I don’t know what possessed me to say yes! When Chris Creber rang up and said ‘Stevo what about doing the Le Petit Depart 120 km in the Dales for the Rob Stephenson Trust? Beautiful mate!’ At that moment I must have blacked out as a strange voice replied yes.
So, the dice was cast and roll on 8 weeks I am in a car park with hundreds of other lycra clad cyclists. At that point all similarities changed. I had on the Sports Direct best, where as everyone else seem to represent France, Spain, Italy or their local cycling club. My bike certainly not built for speed was more sit up and beg the rest had 10gram fibre coated, titanium prop shafts etc. My trusty training shoes not quite the match for the cleats on display. To say I was out of my comfort zone was an understatement.
Our team (this was a team effort) Chris Creber, Richard Webster, Al Christie and his son 11 year old George Christie the youngest competitor to take on this challenge. As we waited at the start the banter was pleasant ‘Have you done this before?’ Answer no ‘Have you ridden this far before?’ Answer no. These two questions usually led to the polite rider changing places and moving away.
The starter explained that this was not a race and there was much nodding in agreement and then, as the klaxon sounded there was a blur of colour and wheels as the non-race got underway.
Having no watch or Strava or Fitbit I would be guided only by seeing the peloton disappear. My only consolation was that if I failed to keep above 15 km an hour by the feed stop at 42 km or 80 km I would be eliminated. My team mates had the patience of Saints because even the slightest incline saw my trusty steed drop to a snail’s pace and everyone in the event progressively passed us. The good part about this was that I got on first name terms with the marshal’s as it became quickly apparent that rider 265 was last. George our 11 year old dynamo flew up the hills and was a real hero on the other hand I am of the school that suffering is a personal thing and best done in a corner where you can quietly sob away. Unfortunately, our team leader Chris believed that following you and encouraging you to go up vertical cliff faces because ‘this is why we cycle Stevo the challenge!’ Only makes you want to stick your bike pump right up his hooter! Slow and steady would be the best description for my forward motion and shock of shocks I managed to make both feed stops without being eliminated! The unfortunate part of this was that I had to finish the ride with the dreaded High Back Lane climb to come. At this point I had inherited the Sweeper party the Skipton cycling club officials who biked at the back making sure everyone finished or stopped and was OK. This had the feeling of the vultures hovering but their company was appreciated.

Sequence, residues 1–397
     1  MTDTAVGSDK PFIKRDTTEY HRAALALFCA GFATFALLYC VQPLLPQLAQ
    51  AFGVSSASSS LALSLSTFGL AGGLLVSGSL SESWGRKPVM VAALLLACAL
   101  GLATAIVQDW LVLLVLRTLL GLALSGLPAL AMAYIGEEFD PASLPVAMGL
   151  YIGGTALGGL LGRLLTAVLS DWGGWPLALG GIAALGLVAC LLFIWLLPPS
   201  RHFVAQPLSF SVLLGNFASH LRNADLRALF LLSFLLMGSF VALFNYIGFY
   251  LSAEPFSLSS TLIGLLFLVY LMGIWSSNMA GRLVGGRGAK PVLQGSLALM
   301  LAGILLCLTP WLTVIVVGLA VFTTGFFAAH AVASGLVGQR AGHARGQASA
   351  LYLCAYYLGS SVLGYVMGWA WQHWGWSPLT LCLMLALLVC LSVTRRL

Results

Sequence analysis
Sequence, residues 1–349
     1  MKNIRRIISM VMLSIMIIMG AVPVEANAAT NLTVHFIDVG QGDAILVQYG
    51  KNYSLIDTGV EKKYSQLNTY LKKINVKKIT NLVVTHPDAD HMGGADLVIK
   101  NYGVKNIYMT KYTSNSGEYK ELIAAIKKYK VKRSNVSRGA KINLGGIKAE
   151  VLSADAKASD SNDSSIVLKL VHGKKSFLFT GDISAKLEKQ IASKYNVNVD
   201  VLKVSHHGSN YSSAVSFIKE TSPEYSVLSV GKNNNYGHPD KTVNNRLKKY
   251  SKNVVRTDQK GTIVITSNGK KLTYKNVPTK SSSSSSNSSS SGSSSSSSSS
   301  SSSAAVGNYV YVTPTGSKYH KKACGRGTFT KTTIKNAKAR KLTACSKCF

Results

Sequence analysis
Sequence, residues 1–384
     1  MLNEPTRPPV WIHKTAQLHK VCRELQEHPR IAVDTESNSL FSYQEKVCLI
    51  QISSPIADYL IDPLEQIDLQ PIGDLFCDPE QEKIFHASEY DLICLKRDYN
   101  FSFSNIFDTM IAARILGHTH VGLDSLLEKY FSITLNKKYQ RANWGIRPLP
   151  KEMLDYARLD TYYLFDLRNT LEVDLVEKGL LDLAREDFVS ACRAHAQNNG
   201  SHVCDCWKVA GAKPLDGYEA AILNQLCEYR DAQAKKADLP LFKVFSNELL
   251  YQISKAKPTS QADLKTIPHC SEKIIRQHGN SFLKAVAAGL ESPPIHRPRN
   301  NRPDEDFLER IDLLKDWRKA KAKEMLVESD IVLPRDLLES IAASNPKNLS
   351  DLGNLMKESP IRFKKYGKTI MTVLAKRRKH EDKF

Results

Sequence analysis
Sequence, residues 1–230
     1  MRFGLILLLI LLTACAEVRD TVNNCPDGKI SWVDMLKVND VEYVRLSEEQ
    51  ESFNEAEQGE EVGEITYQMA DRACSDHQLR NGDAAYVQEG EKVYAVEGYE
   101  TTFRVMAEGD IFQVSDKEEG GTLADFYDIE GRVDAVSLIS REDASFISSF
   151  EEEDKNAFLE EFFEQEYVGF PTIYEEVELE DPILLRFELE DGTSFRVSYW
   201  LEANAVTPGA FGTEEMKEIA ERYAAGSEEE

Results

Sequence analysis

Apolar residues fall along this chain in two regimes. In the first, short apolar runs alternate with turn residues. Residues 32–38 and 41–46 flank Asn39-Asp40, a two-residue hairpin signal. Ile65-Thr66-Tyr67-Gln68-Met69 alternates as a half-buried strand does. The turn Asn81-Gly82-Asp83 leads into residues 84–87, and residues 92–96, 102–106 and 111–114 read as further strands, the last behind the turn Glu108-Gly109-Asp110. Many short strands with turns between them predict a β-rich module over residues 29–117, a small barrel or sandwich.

We were now on the final leg and High Back Lane was a huge understatement insert an Anglo-Saxon phrase in front and that aptly described it. I would love to tell you that I cycled up this cliff face but no I resorted to a Sunday stroll blessing the fact I had not got any cleats on! After this I was promised and repeatedly told that was the last climb and then it was downhill all the way including the ‘best downhill in the Dales’. I had mastered downhill and to be fair it was a lovely decent. As for the last climb I will beg to differ as my broken body now found even a slight rise more like Everest. If we add to this that I was stopping all the officials clearing off for a Sunday tea, the arrival at each marshaled section was greeted with ‘265 is still going’. Finally we returned to a standing ovation and the only car left in the car park!
A Huge thank you to Skipton Cycling Club for a brilliant event, superb hospitality and putting up with me. To Chris Creber and the team for nursing me round. Although not a race we did have two winners George ‘the dynamo’ Christie the youngest person to complete the course and the fastest 59 year old with a false hip on a sit up and beg bike with trainers on!